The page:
Digestive System Flashcards Preview

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Flashcards in Digestive System Deck (34):
1

List the structures of the GI tract in order starting with the stomach

Stomach, Duodenum, Jejunum, Ileum, Cecum, Ascending colon, Transverse colon, Descending colon, Sigmoid colon, Rectum, Anus

2

What are the three developmental sections of the GI tract?

Foregut, Midgut, Hindgut

3

Name the vessel off the aorta for each embryonic GI section

Foregut - Celiac trunk, Midgut - Superior mesenteric artery, Hindgut - Inferior mesenteric artery

4

What is the farthest structure into the GI tract which is innervated by the vagus nerve?

The distal portion of the transverse colon

5

From what embryonic GI structure is the duodenum derived?

Foregut and midgut

6

What is the arterial supply of the duodenum?

Celiac and superior mesenteric arteries

7

Does the duodenum occupy an intraperitoneal or retroperitoneal position?

Both. The 1st portion is intraperitoneal, the 2nd through 4th portions are retroperitoneal

8

Where are the dorsal and ventral pancreatic ducts when they fuse?

At the foregut-midgut junction

9

When the dorsal pancreatic duct persists what is it called?

The accessory pancreatic duct

10

What is an annular pancreas, what causes it, and what might it cause?

When the dorsal and ventral pancreas buds dont properly fuse. It can happen when the two buds migrate opposite directions, and it can cause duodenal stensosis (ventral pancreas sits right on duodenum)

11

What happens to the duodenal lumen during development?

It is obliterated in the 5th or 6th week and recanalized by the end of the 8th week

12

What is the difference between duodenal stenosis and duodenal atresia

Stenosis is a partial occlusion, atresia is a complete occlusion

13

Where are duodenal stenosis and duodenal atresia respectively most common?

Stenosis - 3rd and 4th portions of duodenum, Atresia - 2nd or 3rd portion of duodenum

14

Why is polyhydramnios present with duodenal atresia?

Because the embryo normally swallows amniotic fluid, but cannot if the duodenum is completely occluded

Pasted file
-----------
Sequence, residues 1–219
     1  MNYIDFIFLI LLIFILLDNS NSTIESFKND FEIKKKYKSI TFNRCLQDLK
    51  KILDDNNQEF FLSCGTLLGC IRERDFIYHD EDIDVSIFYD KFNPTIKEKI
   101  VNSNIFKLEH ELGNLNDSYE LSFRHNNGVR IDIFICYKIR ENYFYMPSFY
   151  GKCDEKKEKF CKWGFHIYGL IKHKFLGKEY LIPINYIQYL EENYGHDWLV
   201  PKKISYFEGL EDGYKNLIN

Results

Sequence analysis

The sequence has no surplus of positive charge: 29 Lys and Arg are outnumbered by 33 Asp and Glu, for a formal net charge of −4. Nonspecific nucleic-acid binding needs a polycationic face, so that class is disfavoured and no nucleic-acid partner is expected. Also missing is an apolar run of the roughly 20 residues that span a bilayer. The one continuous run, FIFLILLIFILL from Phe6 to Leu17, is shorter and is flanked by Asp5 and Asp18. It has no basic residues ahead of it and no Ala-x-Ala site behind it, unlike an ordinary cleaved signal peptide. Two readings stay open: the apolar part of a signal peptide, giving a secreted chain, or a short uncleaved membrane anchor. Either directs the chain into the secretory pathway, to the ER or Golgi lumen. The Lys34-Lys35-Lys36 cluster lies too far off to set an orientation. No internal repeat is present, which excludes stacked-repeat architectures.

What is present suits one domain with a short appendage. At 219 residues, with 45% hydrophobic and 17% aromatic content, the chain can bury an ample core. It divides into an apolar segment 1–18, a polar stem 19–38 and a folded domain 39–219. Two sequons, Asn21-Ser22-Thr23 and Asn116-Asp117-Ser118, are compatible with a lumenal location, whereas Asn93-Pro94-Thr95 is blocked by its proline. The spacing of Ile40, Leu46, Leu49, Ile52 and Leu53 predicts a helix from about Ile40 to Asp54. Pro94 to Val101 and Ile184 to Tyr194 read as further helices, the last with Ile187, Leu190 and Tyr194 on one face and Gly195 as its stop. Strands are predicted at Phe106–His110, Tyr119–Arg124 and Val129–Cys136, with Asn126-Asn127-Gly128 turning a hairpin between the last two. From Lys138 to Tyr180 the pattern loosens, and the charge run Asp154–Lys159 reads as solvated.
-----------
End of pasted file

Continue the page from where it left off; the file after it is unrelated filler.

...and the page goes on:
15

What do we typically look for when checking for possible duodenal atresia?

A double bubble appearence on ultrasound. Air will be present in both stomach and duodenum.

16

Invasion of the caudal portion of the septum transversum by the liver bud creates what structure?

The ventral mesentery

17

What are the derivatives of the ventral mesentery?

Falciform ligament, lesser omentum (divided into hepatogastric ligament to left and hepatoduodenal ligament to right)

18

What are the derivatives of the midgut?

Duodenum (some of 2nd portion, all of 3rd and 4th portion), Jejunum, Ileum, Cecum, Appendix, Ascending Colon, Two thirds of Transverse colon

19

When does umbilical herniation start and when does it return?

6th week to 10th week

20

Omphalocele

An abdominal wall defect in which the intestines, liver, and occasionally other organs remain outside abdomen

21

Gastroschisis

Congenital abdominal wall defect in which the intestines and sometimes other organs develop outside the fetal abdomen through an opening in the abdominal wall

22

Midgut rotations

A 90 degree CCW rotation while in cord around axis of SMA, and a 180 degree CCW rotation during reduction of hernia

23

Are each of the following fused or mobile, ascending colon, descending colon, transverse colon

Ascending and Descending are fused (to pos abdominal wall), Transverse has some mobility (fuses with pos wall of greater omentum)

24

Volvulus

A twisted intestine, may compromise blood supply

25

Left sided colon

When the gut rotates 90 degrees cw instead of ccw during development

26

What most likely causes gut atresias and stenoses

Vascular accidents

27

Meckels (Ileal) Diverticulum

Failure of vitelline duct to degenerate completely (can cause ulceration, bleeding, perforation)

28

What separates the allantois and hindgut?

Urorectal septum

29

What are the two divisions of the cloacal chamber?

Rectum and urogenital sinus

30

What are four conditions that may arise from abnormal hindgut development?

Persistent cloaca, anal stenosis, fistulas of various types, rectal atresia

31

Two types of hindgut fistulas

Urorectal fistula (connects distal hindgut to urinary system) and Rectovaginal fistula (connects rectum to vagina)

32

What might be one cause of rectal stenosis

Failure of neural crest cells to migrate and bring innervation to distal hindgut (no innervation will cause stenosis). This situation can cause congenital megacolon (Hirschsprung disease)

33

What is the primary concern regarding malrotation of the gut during physiologic herniation?

A malrotation may lead to a kinked superior mesentary artery

34

What is a quick way to recognize a malrotation of gut herniation?

A transverse colon behind the duodenum (normally the transverse colon will be anterior to the duodenum)

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